Have you ever tried sake, one of Japan’s popular traditional alcoholic drinks? Nowadays, most Japanese restaurants all around the world serve sake because it pairs exceptionally well with Japanese food. If you’re a bit familiar with the beverage, you’ll know that it is a rice wine and that no two sake are exactly alike.
In fact, people with a trained palate will easily taste the difference between sweet sake and dry sake. But how do you know what sake to buy and what are the differences? Let us give you an overview of some of the best Japanese sake brands so you’ll know the next time you go to order!
1. A Quick Overview of Sake
Sake has been brewed in Japan for more than 1000 years, and nowadays even the smallest town has an izakaya that serves the slightly flowery beverage along with typical Japanese dishes such as sashimi and nikujaga.
To produce sake, rice is polished, washed, and steamed. Then, mold and yeast are added to help the mixture ferment, and finally, the product is pressed, filtered, and pasteurized. The result is a clear and slightly sweet drink with an alcohol percentage between ~15-20% that is usually served chilled but can also be enjoyed warm depending on the drinker’s taste.
There are different types of sake depending on the exact ingredients, degrees of polishing, and other variables. Then there are also different varieties as well that are almost entirely different drinks. Examples are the non-alcoholic amazake, sparkling sake, nigori sake (cloudy), and namazake (unpasteurized). Now, let’s go over the most popular sake brands in Japan, divided by dry and sweet labels.
2. Popular Dry Sake Brands
Light and dry sake are considered beginner-friendly and pair well with light foods that don’t have a strong aftertaste like sushi and sashimi. Dry sake that has a rich flavor matches well with heavier dishes like grilled meat with flavorful sauces. These are good brands for dry sake:
- Dassai: You may have already heard of Dassai sake, as it is the most famous sake brand internationally. Try the Dassai 23 if you are a first-timer and you will surely get hooked on this high-quality and very polished Junmai Daiginjo sake. It has a nice aroma of melons and peaches, and an elegant, long dry finish.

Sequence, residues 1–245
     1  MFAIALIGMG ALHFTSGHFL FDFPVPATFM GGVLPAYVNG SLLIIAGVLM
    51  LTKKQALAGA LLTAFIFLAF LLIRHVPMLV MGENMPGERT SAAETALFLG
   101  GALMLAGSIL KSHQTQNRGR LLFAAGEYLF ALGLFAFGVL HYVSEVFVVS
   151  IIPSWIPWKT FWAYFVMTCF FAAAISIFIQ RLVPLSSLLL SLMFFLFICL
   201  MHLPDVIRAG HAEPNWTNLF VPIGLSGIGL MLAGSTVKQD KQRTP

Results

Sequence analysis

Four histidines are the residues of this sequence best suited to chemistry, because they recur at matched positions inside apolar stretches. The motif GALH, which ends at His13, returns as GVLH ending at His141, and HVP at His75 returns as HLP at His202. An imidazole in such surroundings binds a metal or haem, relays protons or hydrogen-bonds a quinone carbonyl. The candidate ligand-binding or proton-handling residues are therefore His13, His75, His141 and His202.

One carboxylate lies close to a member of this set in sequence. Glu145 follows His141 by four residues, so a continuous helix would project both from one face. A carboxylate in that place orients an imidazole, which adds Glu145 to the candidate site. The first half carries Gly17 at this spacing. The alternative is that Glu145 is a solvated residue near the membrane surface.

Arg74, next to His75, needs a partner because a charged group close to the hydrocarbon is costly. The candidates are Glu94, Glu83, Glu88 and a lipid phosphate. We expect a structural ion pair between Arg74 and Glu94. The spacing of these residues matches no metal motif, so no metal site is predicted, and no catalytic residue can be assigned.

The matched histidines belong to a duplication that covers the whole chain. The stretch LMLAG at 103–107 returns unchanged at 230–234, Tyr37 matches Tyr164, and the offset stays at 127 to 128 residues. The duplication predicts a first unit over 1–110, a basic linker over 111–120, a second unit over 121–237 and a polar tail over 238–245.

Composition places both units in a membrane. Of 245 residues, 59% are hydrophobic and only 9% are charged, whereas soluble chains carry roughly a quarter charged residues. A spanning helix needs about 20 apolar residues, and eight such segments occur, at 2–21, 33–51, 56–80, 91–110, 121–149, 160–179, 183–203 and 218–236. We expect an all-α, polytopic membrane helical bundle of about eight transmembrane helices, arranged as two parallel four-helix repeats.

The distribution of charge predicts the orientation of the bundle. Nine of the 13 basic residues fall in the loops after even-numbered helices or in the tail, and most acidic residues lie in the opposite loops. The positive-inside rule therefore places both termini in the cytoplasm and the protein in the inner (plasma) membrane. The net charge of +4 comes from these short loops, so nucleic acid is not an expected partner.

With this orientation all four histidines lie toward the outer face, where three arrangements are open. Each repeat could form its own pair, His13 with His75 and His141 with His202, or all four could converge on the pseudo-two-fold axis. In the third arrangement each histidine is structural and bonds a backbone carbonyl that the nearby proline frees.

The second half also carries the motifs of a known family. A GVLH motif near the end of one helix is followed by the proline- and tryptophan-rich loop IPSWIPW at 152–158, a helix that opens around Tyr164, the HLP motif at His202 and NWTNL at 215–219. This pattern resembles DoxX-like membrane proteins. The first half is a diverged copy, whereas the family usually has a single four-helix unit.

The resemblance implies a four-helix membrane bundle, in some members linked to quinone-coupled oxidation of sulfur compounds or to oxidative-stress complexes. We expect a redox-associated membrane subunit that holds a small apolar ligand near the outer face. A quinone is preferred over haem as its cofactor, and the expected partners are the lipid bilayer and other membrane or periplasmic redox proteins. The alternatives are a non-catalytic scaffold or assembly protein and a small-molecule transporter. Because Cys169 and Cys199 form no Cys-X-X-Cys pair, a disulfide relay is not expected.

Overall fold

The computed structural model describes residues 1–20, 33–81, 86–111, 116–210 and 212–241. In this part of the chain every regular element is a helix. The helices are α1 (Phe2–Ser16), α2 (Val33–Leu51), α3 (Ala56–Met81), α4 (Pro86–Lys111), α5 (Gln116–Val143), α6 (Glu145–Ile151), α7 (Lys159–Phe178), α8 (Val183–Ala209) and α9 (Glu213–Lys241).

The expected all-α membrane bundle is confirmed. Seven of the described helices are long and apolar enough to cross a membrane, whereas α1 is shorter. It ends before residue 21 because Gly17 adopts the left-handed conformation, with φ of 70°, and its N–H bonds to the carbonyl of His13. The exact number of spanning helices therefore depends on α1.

- Harushika: Established in 1884, this sake brewery in Naramachi produces some of Nara’s best-known sakes. The Harushika’s Extra Dry Junmai Sake has flavors of dry herbs, mint, and sage and leaves a pleasant star anise aftertaste.
- Hakkaisan: Hailing from Niigata which is known for its superior rice and clean water, top-shelf sake Junmai Ginjo Hakkaisan brings out the full flavor of the high-quality rice that’s at its base.
- Kuromatsu Kenbishi: The Kuromatsu Kenbishi Honjozo has a rich umami taste and is heavy enough to go well with meat dishes. It is also the perfect brand for those who prefer their sake hot, as Kuromatsu Kenbishi’s flavor is enhanced when heated.
3. Popular Sweet Sake Brands
Light sweet sake has a floral and fruity taste that goes well with seafood and lightly fried food. Full-bodied sweet sake tends to have clear hints of dried fruit, herbs, or spice that go well with rich foods such as cheese-based foods and dishes with a lot of protein. These are good brands of sweet sake:
- Mio: The sake brand Mio is famous for its deep blue bottle that holds deliciously fresh sparkling sake. Mio is refreshing, fruity, and has a unique sweet aroma that feels light and dreamy in your mouth.